There has to be a redefinition of the Security Policy after the fall of the Berlin Wall, the end of the Cold War means that the old instruments of security have to be renewed. NATO as it used to be is outdated it was a system of deterrence and only concentrated on defence. Now as the “Evil Empire” is not that evil anymore the Western World needs another kind of strategy. First of all more co-operation with the former enemy is necessary and secondly a change concerning the military aspects is vital. A new kind of army that is prepared for “humanitarian warfare” and quick intervention has to be created. This observation is a very European (meaning EU) concept so the EU is very up to date with its approach towards security.
There are many diverse problems that block the EU; the most fundamental ones are probably:
- The leadership question: “I don’t think we Europeans will soon solve the problem of leadership, because we each want to be leaders or when we do not want to be leaders, we do not accept that someone else becomes a leader.” (Lenzi 1998: 11) could be solving the problem of integration. If there is a European authority to act no one needs a leader out of a national government. In order to solve this problem it would help if there was a political leader or visionary to guide the European integration. At the moment there are no politicians that truly take a stand for Europe or form a motor of integration.
- The problem of decision taking and unanimity: First there has to be an agreement on how decisions on the stage of Europe could be taken more efficiently. That has to be solved and then the question concerning a possible supranational approach in this political field.
- The question: to act or not to act: “we Europeans will only act alone, if NATO does not want to act: either because of the unwillingness of the U.S. or as the crisis is too small and thus a purely European matter.” (Solana 2001: 13) But would the EU really intervene in a crisis without backing from the NATO partners.
Apart from all these fundamental problems, “the EU in particular has to come to be perceived as an influential actor in non-military issues” (Flockhart, Rees 1998: 72) First of all it has to be mentioned that the EU has been engaged more into social-economic measures, as it did not have an armed force yet. This could change after the creation of the RRF. In general the EU is more into the field of “soft security”-issues “...security also includes economic, political, environmental and societal factors” (Flockhart and Rees 1998: 72); according to this definition the EU provides a Soft Security by cooperation, money, know how, pp. This is a very useful aid in day-to-day life situations, but in crisis situations when a rapid reaction or even a rapid military reaction is necessary the EU usually blocks itself due to national quarrels.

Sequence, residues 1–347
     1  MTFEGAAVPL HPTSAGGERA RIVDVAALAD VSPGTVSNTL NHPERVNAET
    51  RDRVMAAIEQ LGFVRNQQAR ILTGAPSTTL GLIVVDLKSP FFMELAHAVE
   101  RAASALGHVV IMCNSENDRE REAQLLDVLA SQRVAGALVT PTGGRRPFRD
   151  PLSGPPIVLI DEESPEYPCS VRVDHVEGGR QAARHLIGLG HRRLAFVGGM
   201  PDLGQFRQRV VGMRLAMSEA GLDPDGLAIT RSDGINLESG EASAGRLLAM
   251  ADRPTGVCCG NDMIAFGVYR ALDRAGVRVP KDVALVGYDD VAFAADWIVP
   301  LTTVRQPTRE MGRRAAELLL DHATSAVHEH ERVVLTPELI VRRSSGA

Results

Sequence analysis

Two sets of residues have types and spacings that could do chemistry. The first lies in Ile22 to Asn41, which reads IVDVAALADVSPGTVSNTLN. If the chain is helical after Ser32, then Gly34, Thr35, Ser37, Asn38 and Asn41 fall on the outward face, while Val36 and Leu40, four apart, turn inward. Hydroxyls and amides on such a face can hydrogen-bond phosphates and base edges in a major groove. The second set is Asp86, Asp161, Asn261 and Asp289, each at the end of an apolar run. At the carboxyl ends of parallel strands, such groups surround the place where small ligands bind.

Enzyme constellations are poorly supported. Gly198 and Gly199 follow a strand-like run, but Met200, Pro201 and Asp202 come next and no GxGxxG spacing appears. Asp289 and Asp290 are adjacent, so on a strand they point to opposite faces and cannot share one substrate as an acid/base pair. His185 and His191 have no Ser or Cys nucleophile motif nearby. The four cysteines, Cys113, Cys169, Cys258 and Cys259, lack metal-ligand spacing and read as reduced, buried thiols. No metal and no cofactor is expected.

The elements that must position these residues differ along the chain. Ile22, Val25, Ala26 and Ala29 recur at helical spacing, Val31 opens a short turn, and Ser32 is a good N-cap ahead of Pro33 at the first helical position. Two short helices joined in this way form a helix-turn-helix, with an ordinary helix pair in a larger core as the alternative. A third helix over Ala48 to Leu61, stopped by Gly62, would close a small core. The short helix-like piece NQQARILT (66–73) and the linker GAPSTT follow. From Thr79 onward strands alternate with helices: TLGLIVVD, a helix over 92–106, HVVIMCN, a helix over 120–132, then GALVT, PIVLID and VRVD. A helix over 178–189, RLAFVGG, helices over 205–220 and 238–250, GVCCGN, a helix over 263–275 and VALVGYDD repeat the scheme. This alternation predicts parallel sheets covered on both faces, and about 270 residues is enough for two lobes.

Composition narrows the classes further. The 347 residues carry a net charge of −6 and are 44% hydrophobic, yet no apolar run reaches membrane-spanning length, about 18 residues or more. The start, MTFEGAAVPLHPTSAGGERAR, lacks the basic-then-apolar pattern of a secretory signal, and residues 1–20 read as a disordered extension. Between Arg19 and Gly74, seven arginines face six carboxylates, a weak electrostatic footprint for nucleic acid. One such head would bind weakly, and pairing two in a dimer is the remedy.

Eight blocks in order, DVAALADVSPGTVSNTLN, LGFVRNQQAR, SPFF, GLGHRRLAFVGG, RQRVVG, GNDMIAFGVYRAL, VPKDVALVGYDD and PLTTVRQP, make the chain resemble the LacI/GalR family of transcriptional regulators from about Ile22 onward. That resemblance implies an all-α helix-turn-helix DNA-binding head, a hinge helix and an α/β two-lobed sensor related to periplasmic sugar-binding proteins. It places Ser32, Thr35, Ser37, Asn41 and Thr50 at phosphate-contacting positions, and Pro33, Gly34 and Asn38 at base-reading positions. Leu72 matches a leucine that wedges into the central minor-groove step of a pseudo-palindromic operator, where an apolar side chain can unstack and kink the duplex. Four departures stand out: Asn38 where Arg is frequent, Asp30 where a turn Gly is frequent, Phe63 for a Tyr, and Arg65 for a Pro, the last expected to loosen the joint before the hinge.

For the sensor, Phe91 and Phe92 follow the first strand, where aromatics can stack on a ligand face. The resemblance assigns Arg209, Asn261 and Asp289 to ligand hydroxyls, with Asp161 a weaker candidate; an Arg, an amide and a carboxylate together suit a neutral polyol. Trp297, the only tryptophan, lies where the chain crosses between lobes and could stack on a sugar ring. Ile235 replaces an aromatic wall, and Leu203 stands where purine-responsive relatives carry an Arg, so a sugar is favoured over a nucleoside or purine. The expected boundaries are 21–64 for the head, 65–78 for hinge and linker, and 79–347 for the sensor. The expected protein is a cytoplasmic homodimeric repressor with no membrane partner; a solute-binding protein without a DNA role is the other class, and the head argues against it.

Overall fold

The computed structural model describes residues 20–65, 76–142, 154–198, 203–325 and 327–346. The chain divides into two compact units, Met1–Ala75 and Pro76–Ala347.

Within NATO only the US has the power and the will to initiate major military intervention. This is clear, the EU does have the intention or the capability to embark on military missions without the US or the approval of the US. “a single European state would not be powerful enough to provide strong political or military leadership and the necessary resources for a large-scale peace enforcement operation” (Cottey 1998: 58) The steps taken by the EU lead into the right direction, by creating a RRF, a new military structure, simplifying cooperation between the WEU and the EU, cutting redundant military structures and building new and necessary up to date ones. So the preconditions are met, the will on the EU stage is there. The only thing that lacks now is the unanimous will of all the member states to act.
As well a new co-operation among the European states is necessary as Europe now has to and wants to stand on its own military and political feet. We have to be able to care for our own security.
Cafruny, Alan (1998) The European Union and the war in former Yugoslavia: the failure of collective diplomacy, in Cafruny, Alan and Peters, Patrick (eds.), The Union and the world: The political economy of a Common European Foreign Policy, The Hague, London and Boston: Kluwer Law National
Cottey, Andrew (1998) NATO transformed: the Atlantic Alliance in a new era, in Park, William and Rees, Wyn (eds.), Rethinking security in post-Cold War Europe, London and New York: Longman
Ehrlich, Peter and Proissl, Wolfgang (11.12.2000) Das Ergebnis von vier zähen Gipfeltagen, Financial Times Deutschland
Flockhart, Trine and Rees, G.W. (1998) A core Europe? The EU and the WEU, in Park, William and Rees, Wyn (eds.), Rethinking security in post-Cold War Europe, London and New York: Longman
Hyde-Price, Adrian (1998) The OSCE and European Security, in Park, William and Rees, Wyn (eds.), Rethinking security in post-Cold War Europe, London and New York: Longman
Joetze, Günther (2000) The European security Landscape after Kosovo, Bonn: ZEI-discussion paper C64
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Marauhn, Thilo (1996) Building a European Security and Defence Identity: The evolving relationship between the Western European Union and the European Union, Bochum: Universitätsverlag Brockmeyer
Meyers Enzyklopädisches Lexikon Band 21 (1977), Mannheim, Wien, Zürich: Lexikon Verlag Bibliographisches Institut AG
Wyatt-Walter, Holly (1997) The European Community and the Security dilemma, 1979-92, London and New York: Macmillan Press LTD
Park, William (1998) Introduction: rethinking European Security, in Park, William and Rees, Wyn (eds.), Rethinking security in post-Cold War Europe, London and New York: Longman
Pierucci, Andrea -commission representative- (26.1.2001) Speech on the Nice Conference, Brussels: International Conference of the Observatoire Social Européen
Interview with the High Representative of the EU Javier Solana (5.2.2001) Solana fragt nach Hintergedanken der USA, Financial Times Deutschland
NOTE: all translations from German sources into the English language by the author